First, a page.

Gavāmpati (गवाम्पति), one of the heroes of the first council, before settling permanently in the vimāna of the Śirīṣa, went to the pratyanta-janapada or frontier countries, i.e., Suvarṇabhūmi, by the Buddha’s order (Ken pen chouo… tsa che), and to believe the Karmavibhaṅga, which claims that, in the Land of Gold, the saint Gavāmpati converted the population for a hundred leagues.

According to the Burmese tradition: “King Thiri-Matauka had been informed that, after the death of Gaudama, a Rahan named Gambawatti (Gavāmpati) had brought thirty-two teeth of the Buddha and placed them in a dzedi (caitya) on Mount Ind-Danou north-west of Thatum (in Pāli, capital of Burma, between the mouths of the Sittang and the Salouen)”.

Even today, Gavāmpati, under the name Gavompade, is one of the favorite saints of the Mons and the Talaing sof Burma.

Mahayana book cover
context information

Mahayana (महायान, mahāyāna) is a major branch of Buddhism focusing on the path of a Bodhisattva (spiritual aspirants/ enlightened beings). Extant literature is vast and primarely composed in the Sanskrit language. There are many sūtras of which some of the earliest are the various Prajñāpāramitā sūtras.

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Tibetan Buddhism (Vajrayana or tantric Buddhism)

Source: Wisdom Library: Tibetan Buddhism

Gavāmpati (गवाम्पति) is the name of a Śrāvaka mentioned as attending the teachings in the 6th century Mañjuśrīmūlakalpa: one of the largest Kriyā Tantras devoted to Mañjuśrī (the Bodhisattva of wisdom) representing an encyclopedia of knowledge primarily concerned with ritualistic elements in Buddhism. The teachings in this text originate from Mañjuśrī and were taught to and by Buddha Śākyamuni in the presence of a large audience (including Gavāmpati).

Tibetan Buddhism book cover
context information

Tibetan Buddhism includes schools such as Nyingma, Kadampa, Kagyu and Gelug. Their primary canon of literature is divided in two broad categories: The Kangyur, which consists of Buddha’s words, and the Tengyur, which includes commentaries from various sources. Esotericism and tantra techniques (vajrayāna) are collected indepently.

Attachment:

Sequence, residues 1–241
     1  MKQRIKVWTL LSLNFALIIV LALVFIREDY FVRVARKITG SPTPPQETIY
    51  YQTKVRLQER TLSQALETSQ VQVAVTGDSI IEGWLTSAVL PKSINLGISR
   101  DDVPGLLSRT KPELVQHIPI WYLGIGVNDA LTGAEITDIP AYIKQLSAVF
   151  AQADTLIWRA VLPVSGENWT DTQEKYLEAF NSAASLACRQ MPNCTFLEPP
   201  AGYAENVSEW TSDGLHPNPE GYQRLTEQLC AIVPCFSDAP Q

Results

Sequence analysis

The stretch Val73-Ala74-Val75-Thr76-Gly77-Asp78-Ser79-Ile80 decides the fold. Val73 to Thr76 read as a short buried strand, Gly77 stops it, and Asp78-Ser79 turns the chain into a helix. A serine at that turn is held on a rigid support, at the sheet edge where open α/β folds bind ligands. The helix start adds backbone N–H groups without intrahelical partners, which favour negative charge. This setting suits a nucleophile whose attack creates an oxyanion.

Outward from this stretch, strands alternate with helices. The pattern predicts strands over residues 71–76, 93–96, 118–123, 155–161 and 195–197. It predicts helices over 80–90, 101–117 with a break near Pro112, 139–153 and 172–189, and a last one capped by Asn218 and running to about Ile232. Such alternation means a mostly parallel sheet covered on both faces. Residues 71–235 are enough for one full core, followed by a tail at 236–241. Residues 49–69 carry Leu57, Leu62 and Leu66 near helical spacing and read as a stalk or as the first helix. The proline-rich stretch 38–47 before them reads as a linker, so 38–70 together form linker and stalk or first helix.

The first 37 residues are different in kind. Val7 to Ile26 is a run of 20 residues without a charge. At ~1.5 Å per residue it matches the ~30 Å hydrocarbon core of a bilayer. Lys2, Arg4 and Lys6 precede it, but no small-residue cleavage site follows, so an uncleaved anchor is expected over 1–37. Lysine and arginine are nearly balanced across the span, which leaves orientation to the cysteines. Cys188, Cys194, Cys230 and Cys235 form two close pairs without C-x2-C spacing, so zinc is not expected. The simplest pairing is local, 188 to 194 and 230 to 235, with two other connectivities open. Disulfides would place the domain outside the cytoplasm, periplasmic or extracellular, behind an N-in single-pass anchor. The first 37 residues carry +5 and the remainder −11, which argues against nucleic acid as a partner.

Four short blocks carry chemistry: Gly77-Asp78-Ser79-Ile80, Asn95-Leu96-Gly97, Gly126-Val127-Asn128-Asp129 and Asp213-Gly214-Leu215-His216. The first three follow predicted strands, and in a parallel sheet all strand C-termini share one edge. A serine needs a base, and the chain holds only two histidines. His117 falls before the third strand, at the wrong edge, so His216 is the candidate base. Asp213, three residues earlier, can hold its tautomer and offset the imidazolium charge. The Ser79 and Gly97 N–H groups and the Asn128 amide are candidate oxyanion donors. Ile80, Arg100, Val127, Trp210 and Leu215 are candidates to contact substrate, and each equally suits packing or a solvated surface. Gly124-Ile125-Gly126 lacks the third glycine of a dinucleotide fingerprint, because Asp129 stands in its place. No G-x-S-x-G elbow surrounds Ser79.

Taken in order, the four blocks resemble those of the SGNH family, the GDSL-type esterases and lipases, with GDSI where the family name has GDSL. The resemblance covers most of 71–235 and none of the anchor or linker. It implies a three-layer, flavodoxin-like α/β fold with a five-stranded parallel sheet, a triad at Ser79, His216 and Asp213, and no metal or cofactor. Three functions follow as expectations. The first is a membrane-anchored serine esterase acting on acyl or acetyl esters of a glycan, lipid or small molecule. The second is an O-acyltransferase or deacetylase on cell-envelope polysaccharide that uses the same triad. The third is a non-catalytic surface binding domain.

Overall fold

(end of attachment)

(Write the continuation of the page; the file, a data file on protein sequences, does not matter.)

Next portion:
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Languages of India and abroad

Sanskrit dictionary

[«previous next»] — Gavampati in Sanskrit glossary
Source: DDSA: The practical Sanskrit-English dictionary

Gavāṃpati (गवांपति).—

1) The chief cattle, a bull.

2) A cowherd.

3) An epithet of the sun; also of fire.

Derivable forms: gavāṃpatiḥ (गवांपतिः).

Source: Cologne Digital Sanskrit Dictionaries: Edgerton Buddhist Hybrid Sanskrit Dictionary

Gavāṃpati (गवांपति).—(= Pali Gavampati), (1) name of a disciple of Buddha: Mahāvyutpatti 1051; Saddharmapuṇḍarīka 2.4; Lalitavistara 1.10 (see s.v. Yaśodeva); (Ārya-)Mañjuśrīmūlakalpa 111.12; Sukhāvatīvyūha 92.8; Karmavibhaṅga (and Karmavibhaṅgopadeśa) 62.3; (2) name of a nāga- king: Kāraṇḍavvūha 2.10 (compare 2 Gavampati, in Malalasekara (Dictionary of Pali Proper Names), who had once been born to a nāga girl).

Source: Cologne Digital Sanskrit Dictionaries: Monier-Williams Sanskrit-English Dictionary

1) Gavāmpati (गवाम्पति):—[=gavām-pati] [from gavām > gav] m. (gavām pati, [Taittirīya-brāhmaṇa iii]) ‘cow-lord’, a bull, [Mahābhārata iii, 11737; iv, 588]

2) [v.s. ...] ‘lord of rays’, Name of the sun, [iii, 192]

3) [v.s. ...] of Agni, 14182

4) [v.s. ...] of a snake demon, [Kāraṇḍa-vyūha i, 18]

5) [v.s. ...] of a, [Buddhist literature] mendicant, [Lalita-vistara i, 6 f.; Saddharma-puṇḍarīka i.]

[Sanskrit to German]

Gavampati in German

context information

Sanskrit, also spelled संस्कृतम् (saṃskṛtam), is an ancient language of India commonly seen as the grandmother of the Indo-European language family (even English!). Closely allied with Prakrit and Pali, Sanskrit is more exhaustive in both grammar and terms and has the most extensive collection of literature in the world, greatly surpassing its sister-languages Greek and Latin.